**a) Halting Problem**

The Halting Problem is a special kind of a problem wherein a machine is proved to be undecidable in its behaviour at one point where its composition is changed.

For this, we assume a universal machine for this example and a couple of simpler machines

We consider two simple machine, one(A) which performs addition of two numbers, and another(B) that converts a number from decimal to binary

Machine A cannot execute the output of machine B, neither can machine B execute machine A’s output.

Now, we have a machine D which executes any machine’s(here, A or B) output taking that machine’s blueprint and that machine’s individual input set as the input.

So, machine D will execute machine A’s output on gaining machine A’s blueprint and so is the case for machine B.

Now, we construct a universal machine U that has machine D(to identify the machine to be executed) and a negator machine N(to reverse the output)

If we give machine B’s blueprint and machine A’s input set to U, we should be getting an error, which doesn’t happen as the negator reverses the ‘false’ output to ‘true’.

If we give machine B’s blueprint and machine B’s input set to U, we should be getting the correct, which doesn’t happen as the negator reverses the ‘true’ output to ‘false’.

This problem of undecidability is often what is termed as the Halting Problem.

**b) Rice’s Theorem**

Rice's theorem helps explain one aspect of the pervasiveness of undecidability. Here is the theorem and its proof, following the needed definition.

A property of languages is a predicate P : ‘P (Σ*) =>{false,true} for some alphabet Σ. That is, the input of P is a language and the output is a truth value.

The value P(L) =true means L has property P.

The value P(L) =false means L does not have property P.

Example properties are : is finite, is infinite, is r.e. , etc.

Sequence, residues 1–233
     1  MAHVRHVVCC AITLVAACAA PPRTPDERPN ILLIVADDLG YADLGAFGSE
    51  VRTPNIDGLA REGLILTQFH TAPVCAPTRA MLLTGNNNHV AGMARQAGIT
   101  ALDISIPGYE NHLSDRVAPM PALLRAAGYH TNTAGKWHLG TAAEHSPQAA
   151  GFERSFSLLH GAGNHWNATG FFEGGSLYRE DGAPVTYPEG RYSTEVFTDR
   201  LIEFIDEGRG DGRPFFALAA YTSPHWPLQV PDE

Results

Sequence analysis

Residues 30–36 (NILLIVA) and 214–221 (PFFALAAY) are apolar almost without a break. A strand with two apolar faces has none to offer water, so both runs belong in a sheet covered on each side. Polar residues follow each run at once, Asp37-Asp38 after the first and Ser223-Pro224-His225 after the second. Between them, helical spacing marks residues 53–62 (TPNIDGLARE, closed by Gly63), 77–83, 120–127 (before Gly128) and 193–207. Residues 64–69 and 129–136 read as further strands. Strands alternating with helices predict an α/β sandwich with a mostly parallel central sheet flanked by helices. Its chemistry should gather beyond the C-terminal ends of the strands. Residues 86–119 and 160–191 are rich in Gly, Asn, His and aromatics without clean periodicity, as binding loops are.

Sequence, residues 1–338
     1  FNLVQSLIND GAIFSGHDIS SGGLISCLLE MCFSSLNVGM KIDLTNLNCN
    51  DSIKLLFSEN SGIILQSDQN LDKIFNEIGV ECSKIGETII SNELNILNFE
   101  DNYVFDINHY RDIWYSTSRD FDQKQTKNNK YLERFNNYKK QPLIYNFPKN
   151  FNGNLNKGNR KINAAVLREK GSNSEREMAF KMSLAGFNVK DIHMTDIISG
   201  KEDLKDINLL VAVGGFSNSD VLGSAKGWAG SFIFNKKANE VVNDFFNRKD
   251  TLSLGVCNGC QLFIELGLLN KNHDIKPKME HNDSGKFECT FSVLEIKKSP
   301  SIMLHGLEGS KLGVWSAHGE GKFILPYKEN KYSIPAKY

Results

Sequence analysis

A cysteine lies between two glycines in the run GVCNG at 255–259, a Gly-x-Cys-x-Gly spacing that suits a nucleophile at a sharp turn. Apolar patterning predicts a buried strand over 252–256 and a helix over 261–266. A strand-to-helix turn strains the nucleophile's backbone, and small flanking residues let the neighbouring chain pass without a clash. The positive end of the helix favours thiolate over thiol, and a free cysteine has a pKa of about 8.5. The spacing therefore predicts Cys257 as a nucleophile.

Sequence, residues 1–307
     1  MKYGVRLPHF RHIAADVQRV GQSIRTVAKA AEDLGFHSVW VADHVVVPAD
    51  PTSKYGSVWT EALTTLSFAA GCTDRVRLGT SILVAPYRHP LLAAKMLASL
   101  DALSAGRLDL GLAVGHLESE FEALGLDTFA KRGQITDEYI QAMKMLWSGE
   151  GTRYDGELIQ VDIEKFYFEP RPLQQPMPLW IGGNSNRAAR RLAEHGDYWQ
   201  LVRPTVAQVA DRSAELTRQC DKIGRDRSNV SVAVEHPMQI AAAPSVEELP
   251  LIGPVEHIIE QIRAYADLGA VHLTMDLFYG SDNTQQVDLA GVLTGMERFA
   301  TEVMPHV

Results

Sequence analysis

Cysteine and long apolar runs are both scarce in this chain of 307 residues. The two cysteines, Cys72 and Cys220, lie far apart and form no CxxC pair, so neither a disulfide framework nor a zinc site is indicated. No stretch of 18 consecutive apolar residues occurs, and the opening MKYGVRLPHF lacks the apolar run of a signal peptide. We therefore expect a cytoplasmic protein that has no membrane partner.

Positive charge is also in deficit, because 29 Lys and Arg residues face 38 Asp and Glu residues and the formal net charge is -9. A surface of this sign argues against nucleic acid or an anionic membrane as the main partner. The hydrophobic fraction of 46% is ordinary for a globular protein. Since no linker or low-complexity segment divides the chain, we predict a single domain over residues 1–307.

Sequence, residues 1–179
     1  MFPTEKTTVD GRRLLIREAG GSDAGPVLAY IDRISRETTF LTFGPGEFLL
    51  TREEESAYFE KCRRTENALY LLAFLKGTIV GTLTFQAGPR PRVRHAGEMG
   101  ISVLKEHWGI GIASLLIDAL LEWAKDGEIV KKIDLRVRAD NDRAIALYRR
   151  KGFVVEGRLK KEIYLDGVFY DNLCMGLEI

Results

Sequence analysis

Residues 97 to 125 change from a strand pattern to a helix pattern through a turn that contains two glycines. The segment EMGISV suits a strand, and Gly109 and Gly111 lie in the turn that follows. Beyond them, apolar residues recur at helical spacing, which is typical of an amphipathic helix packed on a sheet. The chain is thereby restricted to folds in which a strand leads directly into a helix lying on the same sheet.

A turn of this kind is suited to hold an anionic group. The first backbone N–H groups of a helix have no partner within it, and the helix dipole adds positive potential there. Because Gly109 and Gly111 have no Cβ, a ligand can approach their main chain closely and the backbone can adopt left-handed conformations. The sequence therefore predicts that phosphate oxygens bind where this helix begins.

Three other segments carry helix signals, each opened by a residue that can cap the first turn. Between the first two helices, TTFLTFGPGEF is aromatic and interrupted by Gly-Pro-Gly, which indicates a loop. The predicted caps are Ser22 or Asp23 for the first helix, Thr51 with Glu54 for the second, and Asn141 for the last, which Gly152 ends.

A non-trivial property of r.e. languages is a property of languages P such that P(L0) for some r.e. language L0 and P(L1) for some r.e. language L1

In English, some r.e. language has the property and some r.e. language does not. All the example properties we listed above are

nontrivial with the exception of \is r.e." for some alphabet . Thatis, the input to P is a language and the output is a truth value. The value P(L) = true means that L has the property P ; the value P(L) = false means that L does not have property P

**Rice’s Theorem : -**

If P is a non-trivial solution of r.e. languages then

LP={(M):P(L(M))}

is undecidable

Proof:

We assume that Φ does not have a property P:P(Φ)=false.

We show that $ATM \lt mLP$ . For this we must exhibit a Turing computable function for which $M' = f(M,w)$ is a machine accepting a language with property P iff M accepts w.

Let the behaviour of M’ on input x to be :

1.) Run M on w.

2.) If M rejects, reject

3.) Run $M_1$ on x where $M_1$ is a fixed machine for which P(($M_1$))=1. We know that such a $M_1$ exists because P is a non-trivial solution of r.e. languages

4.) If $M_1$ accepts, accept; if $M_1$ rejects , reject.

**c) Arden’s Theorem**

The Arden’s theorem is used in regular languages to determine whether a given expression has a unique solution